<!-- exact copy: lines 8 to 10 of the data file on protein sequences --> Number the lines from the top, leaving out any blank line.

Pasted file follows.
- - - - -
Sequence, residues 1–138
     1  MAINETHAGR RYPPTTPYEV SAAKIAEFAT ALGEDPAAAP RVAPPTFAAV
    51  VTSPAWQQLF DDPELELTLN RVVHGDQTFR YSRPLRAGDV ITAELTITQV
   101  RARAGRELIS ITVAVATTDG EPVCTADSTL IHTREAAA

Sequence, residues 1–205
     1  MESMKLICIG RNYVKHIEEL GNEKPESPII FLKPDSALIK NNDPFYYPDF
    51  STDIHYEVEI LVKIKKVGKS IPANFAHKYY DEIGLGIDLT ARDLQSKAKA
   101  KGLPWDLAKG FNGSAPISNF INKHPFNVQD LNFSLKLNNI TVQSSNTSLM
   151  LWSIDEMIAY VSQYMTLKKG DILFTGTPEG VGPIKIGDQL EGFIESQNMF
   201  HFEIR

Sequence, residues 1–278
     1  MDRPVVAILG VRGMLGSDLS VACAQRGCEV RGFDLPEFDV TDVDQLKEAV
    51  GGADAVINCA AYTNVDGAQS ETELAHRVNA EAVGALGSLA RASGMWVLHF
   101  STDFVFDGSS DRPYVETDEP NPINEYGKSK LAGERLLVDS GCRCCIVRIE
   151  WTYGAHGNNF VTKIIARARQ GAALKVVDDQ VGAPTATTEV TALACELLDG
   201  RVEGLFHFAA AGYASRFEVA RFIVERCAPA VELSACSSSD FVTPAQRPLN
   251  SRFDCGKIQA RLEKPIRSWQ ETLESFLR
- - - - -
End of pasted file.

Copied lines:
   101  KGLPWDLAKG FNGSAPISNF INKHPFNVQD LNFSLKLNNI TVQSSNTSLM
   151  LWSIDEMIAY VSQYMTLKKG DILFTGTPEG VGPIKIGDQL EGFIESQNMF
   201  HFEIR